•The Houston Area Chamber of Commerce conducts a major makeover of the arena at its fairgrounds north of Houston. New bleachers –– donated by the Durham Co. –– and new lighting are installed and a new press box is constructed.

Craniac flies high

Driven by Dave Rife, of Fowlerville, Mich., the 1,500-horsepower “Craniac” Monster Truck goes airborne in front of a big crowd during “vertical wheelie” competition in June inside the arena at the Houston Area Chamber of Commerce Fairgrounds.

•Rascalz Teen Club and Community Center hosts an open house at its location on Grand Avenue in downtown Houston.

•Licking resident Ricky Green Jr., 33, is charged after an incident in which he allegedly shot a woman several times in the head with an air pistol.

•The 66th annual Raymondville Carnival and Picnic is held. World record holder “Strongman Steve” Schmidt performed at the event.

•A manhunt ensues after Christopher Hunt, 33, escapes custody near Edgar Springs while being shuttled from Rolla to Houston in a Texas County Sheriff’s Department transport van.

•Firefighters respond to a blaze at the Texas County Jail after an inmate takes a lighter to a mattress.

•River rock Redi-Mix expands and improves its facility on U.S. 63 north of Houston.

JULY

•The Traxxas Destruction Series Monster Trucks perform at the Houston Area Chamber of Commerce Fairgrounds.

•Houston hires Tona Bowen as its new city administrator.

•Three Wright County inmates face felony charges after allegedly starting a fire in the Texas County Jail.

The wood sculptor

Wood sculptor Phil Godlewski stands last July next to an unfinished creation at his residence in eastern Texas County.

•Houston School District band director Michael Roy resigns after seven years in the position.

•Texas County Jail fugitive Christopher Hunt is apprehended by U.S. marshals in Kentucky.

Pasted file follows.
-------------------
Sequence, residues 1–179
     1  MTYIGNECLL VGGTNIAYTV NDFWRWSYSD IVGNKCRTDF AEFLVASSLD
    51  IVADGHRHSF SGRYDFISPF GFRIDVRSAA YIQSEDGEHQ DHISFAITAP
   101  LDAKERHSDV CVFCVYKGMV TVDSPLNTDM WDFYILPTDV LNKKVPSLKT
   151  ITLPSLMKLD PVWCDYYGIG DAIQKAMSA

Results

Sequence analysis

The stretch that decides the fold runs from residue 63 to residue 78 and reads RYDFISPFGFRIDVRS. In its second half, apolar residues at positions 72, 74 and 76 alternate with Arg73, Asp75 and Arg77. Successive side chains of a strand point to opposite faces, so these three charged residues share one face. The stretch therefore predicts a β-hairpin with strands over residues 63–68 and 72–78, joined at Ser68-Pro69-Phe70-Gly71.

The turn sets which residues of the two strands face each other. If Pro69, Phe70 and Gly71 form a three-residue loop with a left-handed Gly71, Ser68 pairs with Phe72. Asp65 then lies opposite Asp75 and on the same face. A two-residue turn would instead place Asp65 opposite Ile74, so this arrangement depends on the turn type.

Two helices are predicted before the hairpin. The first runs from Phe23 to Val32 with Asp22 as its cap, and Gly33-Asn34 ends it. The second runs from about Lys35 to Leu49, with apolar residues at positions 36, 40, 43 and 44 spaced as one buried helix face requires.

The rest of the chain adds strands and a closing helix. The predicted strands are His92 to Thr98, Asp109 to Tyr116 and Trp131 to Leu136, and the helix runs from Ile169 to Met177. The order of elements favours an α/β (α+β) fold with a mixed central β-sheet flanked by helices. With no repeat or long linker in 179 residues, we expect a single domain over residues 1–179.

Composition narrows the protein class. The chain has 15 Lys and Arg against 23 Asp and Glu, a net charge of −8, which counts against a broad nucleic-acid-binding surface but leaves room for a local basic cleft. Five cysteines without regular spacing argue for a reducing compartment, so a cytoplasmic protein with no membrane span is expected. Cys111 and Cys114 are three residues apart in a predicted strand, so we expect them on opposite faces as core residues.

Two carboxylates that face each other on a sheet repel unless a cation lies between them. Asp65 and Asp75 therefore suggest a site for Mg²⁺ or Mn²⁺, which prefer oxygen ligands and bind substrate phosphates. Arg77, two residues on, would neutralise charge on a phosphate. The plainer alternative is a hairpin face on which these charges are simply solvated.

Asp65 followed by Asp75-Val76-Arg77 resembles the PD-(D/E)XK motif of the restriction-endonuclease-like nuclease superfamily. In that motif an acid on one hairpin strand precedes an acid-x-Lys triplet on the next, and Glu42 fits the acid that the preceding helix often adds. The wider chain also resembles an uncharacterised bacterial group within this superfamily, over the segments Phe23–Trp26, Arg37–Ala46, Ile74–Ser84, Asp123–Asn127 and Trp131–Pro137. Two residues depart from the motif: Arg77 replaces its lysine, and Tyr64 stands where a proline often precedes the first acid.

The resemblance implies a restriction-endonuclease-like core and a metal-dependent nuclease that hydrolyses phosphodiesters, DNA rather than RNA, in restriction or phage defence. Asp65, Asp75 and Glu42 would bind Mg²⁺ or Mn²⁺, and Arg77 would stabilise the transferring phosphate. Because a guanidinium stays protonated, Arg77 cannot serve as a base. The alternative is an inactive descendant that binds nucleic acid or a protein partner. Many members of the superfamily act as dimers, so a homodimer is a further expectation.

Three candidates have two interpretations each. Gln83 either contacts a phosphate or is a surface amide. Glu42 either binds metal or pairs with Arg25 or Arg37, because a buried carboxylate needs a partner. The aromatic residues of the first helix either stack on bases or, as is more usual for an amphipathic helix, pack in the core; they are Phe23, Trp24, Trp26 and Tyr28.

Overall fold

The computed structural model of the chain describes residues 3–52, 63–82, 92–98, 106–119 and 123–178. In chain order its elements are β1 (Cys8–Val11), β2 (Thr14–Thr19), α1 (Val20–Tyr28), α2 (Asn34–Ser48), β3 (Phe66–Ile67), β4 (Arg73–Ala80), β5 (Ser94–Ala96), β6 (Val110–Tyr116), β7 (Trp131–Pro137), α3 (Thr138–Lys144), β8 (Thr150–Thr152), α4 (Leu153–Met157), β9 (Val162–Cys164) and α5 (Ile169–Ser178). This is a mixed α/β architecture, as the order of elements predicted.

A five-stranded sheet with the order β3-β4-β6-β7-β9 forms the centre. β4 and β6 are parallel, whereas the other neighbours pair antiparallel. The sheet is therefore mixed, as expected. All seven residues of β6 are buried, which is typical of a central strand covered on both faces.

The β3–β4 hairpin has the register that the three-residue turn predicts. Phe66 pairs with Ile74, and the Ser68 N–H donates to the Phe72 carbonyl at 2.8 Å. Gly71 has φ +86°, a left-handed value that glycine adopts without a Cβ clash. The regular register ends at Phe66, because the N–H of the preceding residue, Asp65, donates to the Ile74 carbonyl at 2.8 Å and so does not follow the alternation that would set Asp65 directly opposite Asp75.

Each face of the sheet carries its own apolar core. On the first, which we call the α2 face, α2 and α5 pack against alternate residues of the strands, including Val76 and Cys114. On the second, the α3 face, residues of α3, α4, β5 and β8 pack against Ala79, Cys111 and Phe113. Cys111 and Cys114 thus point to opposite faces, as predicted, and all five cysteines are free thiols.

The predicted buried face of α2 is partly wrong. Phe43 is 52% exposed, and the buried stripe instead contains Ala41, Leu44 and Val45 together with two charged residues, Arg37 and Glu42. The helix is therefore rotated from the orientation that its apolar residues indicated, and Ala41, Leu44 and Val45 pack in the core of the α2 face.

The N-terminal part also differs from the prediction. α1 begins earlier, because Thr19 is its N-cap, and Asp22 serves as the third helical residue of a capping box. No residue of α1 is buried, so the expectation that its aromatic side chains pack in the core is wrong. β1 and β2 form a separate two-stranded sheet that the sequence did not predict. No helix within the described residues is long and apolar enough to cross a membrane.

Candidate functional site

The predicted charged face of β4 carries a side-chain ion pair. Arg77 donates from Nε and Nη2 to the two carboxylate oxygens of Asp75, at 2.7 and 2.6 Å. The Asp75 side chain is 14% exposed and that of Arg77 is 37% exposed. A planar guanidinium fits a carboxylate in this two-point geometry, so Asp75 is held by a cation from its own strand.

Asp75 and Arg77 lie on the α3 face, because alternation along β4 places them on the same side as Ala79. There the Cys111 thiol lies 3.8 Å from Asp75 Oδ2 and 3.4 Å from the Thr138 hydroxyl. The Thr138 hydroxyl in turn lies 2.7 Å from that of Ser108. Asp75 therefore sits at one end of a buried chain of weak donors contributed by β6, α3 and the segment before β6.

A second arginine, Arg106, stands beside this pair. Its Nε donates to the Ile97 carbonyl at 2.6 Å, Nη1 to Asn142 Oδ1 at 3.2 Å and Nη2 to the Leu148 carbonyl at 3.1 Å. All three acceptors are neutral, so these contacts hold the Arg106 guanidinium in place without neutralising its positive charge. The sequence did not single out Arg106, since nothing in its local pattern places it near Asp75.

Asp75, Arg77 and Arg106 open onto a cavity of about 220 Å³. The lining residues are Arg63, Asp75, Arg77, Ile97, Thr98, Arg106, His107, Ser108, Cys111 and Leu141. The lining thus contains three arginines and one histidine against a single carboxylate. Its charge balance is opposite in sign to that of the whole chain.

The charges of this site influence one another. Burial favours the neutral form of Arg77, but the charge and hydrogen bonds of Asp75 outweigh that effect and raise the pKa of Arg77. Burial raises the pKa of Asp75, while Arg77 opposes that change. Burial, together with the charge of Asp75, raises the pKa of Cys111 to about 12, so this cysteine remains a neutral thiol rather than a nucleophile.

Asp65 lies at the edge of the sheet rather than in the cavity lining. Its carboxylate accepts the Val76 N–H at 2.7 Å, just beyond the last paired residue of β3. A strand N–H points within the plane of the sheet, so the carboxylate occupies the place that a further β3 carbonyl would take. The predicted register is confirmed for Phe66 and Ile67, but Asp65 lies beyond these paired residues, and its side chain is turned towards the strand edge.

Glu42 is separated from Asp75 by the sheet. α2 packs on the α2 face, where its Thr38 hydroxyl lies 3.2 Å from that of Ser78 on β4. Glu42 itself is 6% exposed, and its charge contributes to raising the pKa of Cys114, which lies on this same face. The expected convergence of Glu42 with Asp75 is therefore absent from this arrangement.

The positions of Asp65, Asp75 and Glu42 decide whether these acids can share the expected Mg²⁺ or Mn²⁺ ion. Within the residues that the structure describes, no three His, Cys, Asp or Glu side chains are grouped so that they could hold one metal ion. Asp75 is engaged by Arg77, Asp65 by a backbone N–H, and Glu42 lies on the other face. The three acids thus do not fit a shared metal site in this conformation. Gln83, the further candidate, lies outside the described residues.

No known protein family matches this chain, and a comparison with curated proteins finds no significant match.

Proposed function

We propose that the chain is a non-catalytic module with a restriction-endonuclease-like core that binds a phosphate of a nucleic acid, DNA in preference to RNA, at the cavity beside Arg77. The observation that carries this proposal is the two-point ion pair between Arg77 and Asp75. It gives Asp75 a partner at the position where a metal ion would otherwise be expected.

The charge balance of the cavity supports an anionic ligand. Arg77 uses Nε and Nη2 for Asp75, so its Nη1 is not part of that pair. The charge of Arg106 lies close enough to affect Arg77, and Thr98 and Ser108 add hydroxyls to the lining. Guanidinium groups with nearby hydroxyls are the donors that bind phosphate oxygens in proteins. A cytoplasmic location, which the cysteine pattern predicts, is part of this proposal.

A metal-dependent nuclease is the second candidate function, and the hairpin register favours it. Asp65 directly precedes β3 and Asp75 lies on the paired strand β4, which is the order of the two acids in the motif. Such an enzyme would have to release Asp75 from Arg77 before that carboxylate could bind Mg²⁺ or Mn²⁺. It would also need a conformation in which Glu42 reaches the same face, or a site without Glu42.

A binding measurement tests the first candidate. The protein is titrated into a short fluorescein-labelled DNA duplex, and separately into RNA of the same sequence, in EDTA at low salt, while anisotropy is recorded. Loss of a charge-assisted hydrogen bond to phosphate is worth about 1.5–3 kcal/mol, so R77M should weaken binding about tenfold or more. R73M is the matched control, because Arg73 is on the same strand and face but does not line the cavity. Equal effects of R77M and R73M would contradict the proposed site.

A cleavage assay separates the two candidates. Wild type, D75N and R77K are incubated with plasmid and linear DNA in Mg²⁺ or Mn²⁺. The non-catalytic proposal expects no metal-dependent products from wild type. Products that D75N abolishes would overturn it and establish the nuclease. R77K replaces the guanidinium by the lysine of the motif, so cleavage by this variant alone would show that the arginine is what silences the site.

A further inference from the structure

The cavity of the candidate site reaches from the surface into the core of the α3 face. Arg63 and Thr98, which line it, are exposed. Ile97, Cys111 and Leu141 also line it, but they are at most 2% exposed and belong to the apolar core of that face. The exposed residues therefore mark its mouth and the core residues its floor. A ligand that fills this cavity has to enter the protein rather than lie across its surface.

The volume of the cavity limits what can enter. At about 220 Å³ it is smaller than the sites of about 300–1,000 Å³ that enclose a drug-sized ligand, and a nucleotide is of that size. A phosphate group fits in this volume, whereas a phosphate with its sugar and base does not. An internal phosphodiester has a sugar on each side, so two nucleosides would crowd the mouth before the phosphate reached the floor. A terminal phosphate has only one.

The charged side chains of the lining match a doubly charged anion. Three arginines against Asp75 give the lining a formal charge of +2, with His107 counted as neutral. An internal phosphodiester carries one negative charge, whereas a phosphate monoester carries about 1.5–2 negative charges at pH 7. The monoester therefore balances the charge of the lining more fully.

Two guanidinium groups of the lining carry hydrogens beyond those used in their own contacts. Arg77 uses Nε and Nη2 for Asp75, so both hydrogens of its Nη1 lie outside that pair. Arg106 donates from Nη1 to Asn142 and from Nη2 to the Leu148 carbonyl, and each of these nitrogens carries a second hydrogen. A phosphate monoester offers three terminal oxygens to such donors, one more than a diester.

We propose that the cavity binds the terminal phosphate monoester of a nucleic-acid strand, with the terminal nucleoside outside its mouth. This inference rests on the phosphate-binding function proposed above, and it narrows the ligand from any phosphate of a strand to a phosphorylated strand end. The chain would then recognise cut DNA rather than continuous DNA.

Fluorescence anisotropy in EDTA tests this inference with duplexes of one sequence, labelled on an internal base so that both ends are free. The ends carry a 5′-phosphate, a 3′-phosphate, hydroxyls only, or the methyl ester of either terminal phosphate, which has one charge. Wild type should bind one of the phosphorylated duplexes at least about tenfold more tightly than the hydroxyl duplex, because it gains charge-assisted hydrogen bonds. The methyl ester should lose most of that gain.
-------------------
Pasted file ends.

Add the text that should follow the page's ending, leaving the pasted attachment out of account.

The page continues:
•Three days before going to trial, Daniel G. Campbell, 39, enters a guilty plea and is sentenced to consecutive life terms plus 15 years in prison for his role in a 2016 murder southwest of Licking.

•HHS graduate Tanner Cantrell receives all-conference honors after a standout season at State Fair Community College.

•Houston resident and business owner Justin Dixon, 31, was killed when a tractor he was operating traveled off the side of Hamilton Creek Road at Simmons and overturned.

•Thanks to Healthy Schools Healthy Communities, the City of Houston and other organizations and individuals, Rutherford Park in western Houston receives a major upgrade and is outfitted with many pieces of equipment related to health and fitness.

•Personnel from multiple fire departments respond to a blaze at Ozark Shavings at Licking.

•For the third straight year, professional golfer Bruce Fleisher makes an appearance at Oakwood Golf Club to conduct free clinics and offer advice.

•Thanks in large part to a USDA Rural Development grant, the Texas County Food Pantry gets a big new food transport truck.

•The Mark Twain National Forest district ranger station in Houston is upgraded with a new parking area, improved stairway and improved walkways.

•The Bucyrus-based Piney River Brewing Co. earns a gold medal for its “Float Trip Ale” and a silver for its “Black Walnut Wheat” at the annual U.S. Open Beer Championship at Oxford, Ohio.

AUGUST

•The Texas County Fair and its livestock-oriented competition and activities is held at the Houston Area Chamber of Commerce Fairgrounds.

•Five Texas men – at least three with ties to gangs – suspected of burglarizing a Rolla pharmacy are arrested in Texas County and jailed on multiple charges.

•Licking resident Katie Mutzebaugh, 26, is hired as executive director at the Texas County Food Pantry. She replaced Tanya Pacheco, who took a position with Rocket Digital, a subsidiary of the Houston Herald based on online advertising and services.

•The Houston school board unanimously approved moving the softball season to the spring beginning with the 2018-’19 school year.

Big helmet